MLB Draft Feature: RJ Dabovich, RHP, Arizona State

We are within a week of the virtual MLB Draft, and today’s feature belongs to a intriguing prospect out of Arizona State in RJ Dabovich. The right-handed hurler has spent 1+ season with the Sun Devils, after playing a year in junior college with Central Arizona College. A former 18th round pick of the Kansas City Royals, Dabovich has excelled in the past few seasons, especially after transitioning to the bullpen, raising his stock to a likely selection in this year’s five-round draft. 


Dabovich lives mainly on two pitches, which means he likely projects long-term as a reliever, although potentially with spot-starting capabilities. His fastball sits 93-94 and plays up to 97, which he offsets with a hard low or mid-80s slider. Control has been an issue at times, but he is extremely tough to hit, as opposing batters managed a paltry .082 average in his 11 ⅔ innings of work in the shortened 2020 season. He walked nine but avoided damage, saving four games and giving up just one earned run. He flashed impressive potential out of the pen, escaping a bases-loaded, nobody out jam against Cal, and finishing off a save against #1 UCLA. In a do-or-die situation in the NCAA Tournament, Dabovich also returned to the rotation, striking out a season-high six batters to keep the ASU season alive. A hard-throwing righty with a tendency to step up in big games and situations, Dabovich will absolutely hear his name called in the draft, and scouts believe this JUCO and ASU product has big-league bullpen potential. 

Prediction: Round 5, Pick 135, Kansas City Royals

Full disclosure – Dabovich may go earlier than this, but the Royals have been rumored to be high on Dabovich, as multiple mocks have Kansas City going after the ASU righty. This draft class is ridiculously deep in pitchers, as 50 right-handed pitching prospects sit in’s top 120 prospects, which is the only reason I have Dabovich slipping into the fifth round. Most years, he’s drafted in the top 3 rounds, no question. Either way, he’s great value at this spot in the draft, so Kansas City would gladly grab him here, although don’t be surprised if Dabovich is snapped off the board before the fifth round.


MLB Draft Feature: Nick Swiney, LHP, NC State

Despite being ranked 79th on’s top 200 prospects, NC State left-handed pitcher Nick Swiney was projected as a first-round pick in Keith Law’s first mock draft for the Athletic? Why? Well there’s a few reasons why there will be more than a few teams hoping to secure his services in the upcoming 2020 draft. One of the most impressive stats about Swiney is his near-spotless record on the mound. Between 2+ seasons with the Wolfpack and his final two high school campaigns, Swiney is 32-3. At NC State, he is 15-1 over 50 appearances (8 starts). Despite not featuring what scouts traditionally label as ‘dominant’ stuff, opponents have struggled to hit the southpaw, managing just a .191 average against Swiney over his career. This year, the in-state product has seemingly fixed one of the pressing concerns in his game – his control – while transitioning into a starter for the Wolfpack. His dominant – albeit shortened – junior season has Swiney skyrocketing up draftboards. Heading into the season, Swiney was a projected late fourth round pick, possibly early in the fifth round. Recent predictions have Swiney slotting in as high as the first round, with very few seeing the Wolfpack lefty dropping too far past the second round.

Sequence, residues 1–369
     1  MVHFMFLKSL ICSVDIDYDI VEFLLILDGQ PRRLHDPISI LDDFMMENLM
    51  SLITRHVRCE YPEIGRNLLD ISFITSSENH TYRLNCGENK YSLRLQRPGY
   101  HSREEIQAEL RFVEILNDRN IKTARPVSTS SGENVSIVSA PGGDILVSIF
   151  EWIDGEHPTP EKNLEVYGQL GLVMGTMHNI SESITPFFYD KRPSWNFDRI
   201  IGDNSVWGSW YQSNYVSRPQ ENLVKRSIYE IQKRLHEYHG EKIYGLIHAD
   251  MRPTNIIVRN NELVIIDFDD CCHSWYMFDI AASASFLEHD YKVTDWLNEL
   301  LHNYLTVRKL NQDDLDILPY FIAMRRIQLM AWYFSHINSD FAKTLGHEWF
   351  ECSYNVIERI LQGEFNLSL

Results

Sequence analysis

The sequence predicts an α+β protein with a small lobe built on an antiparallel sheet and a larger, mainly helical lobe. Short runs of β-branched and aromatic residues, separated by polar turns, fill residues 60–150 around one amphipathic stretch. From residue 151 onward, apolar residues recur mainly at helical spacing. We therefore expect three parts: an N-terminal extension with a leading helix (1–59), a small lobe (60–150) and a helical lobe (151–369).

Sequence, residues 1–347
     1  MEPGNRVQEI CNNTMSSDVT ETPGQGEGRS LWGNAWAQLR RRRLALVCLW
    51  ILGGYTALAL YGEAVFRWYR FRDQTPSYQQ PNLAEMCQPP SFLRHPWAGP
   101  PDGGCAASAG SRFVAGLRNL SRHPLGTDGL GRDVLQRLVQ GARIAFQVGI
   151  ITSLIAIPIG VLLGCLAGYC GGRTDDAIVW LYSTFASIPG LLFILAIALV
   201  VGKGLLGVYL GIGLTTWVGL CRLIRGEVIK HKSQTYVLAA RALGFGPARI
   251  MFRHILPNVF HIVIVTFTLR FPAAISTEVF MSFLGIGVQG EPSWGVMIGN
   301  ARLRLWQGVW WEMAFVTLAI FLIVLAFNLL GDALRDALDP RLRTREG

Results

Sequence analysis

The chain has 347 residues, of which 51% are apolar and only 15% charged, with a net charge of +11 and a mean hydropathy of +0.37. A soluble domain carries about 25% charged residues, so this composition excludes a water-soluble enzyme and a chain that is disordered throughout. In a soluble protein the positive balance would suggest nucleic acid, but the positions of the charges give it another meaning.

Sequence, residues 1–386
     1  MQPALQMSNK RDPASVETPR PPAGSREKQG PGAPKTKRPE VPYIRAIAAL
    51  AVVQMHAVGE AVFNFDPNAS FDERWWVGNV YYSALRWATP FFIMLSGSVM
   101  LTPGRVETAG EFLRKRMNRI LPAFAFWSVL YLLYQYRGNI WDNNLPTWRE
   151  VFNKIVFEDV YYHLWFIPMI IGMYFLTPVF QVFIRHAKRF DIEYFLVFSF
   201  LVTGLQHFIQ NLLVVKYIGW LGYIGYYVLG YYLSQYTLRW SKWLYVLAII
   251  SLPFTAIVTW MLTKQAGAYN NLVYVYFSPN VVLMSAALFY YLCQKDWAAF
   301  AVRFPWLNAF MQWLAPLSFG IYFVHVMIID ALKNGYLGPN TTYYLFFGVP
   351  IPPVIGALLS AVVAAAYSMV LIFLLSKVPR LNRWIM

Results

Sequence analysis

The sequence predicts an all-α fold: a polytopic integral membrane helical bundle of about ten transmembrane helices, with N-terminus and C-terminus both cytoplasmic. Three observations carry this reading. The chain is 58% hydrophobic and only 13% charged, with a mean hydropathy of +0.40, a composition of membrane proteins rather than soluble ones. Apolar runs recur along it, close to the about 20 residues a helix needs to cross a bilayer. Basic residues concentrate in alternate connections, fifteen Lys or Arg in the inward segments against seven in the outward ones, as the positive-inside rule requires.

As mentioned above, Swiney transitioned to a starter this year for NC State, and he showed no signs of needing an adjustment period. He fired off 28 stellar innings over four starts, allowing just four earned runs, 13 hits, and six walks. After 49 walks in his first 87 ⅓ career innings, the improved control addressed a major concern in his game, and he didn’t seem to sacrifice his swing-and-miss stuff, striking out 42 batters. Swiney’s biggest improvement in his stuff has been an improved feel for his changeup, giving him the three-pitch combination necessary to be an effective starter. He’s got a solid fastball that plays up to 94 mph, sitting consistently in the low-90s, and he features a curveball that scouts are high on as an above-average offering with high upside. Swiney is absolutely a high-upside play for whoever selects him in the upcoming draft, and he can be developed as the starter, with the comfort of knowing he has two years of collegiate experience in the bullpen.

 Prediction: Round 2, Pick 55, Washington Nationals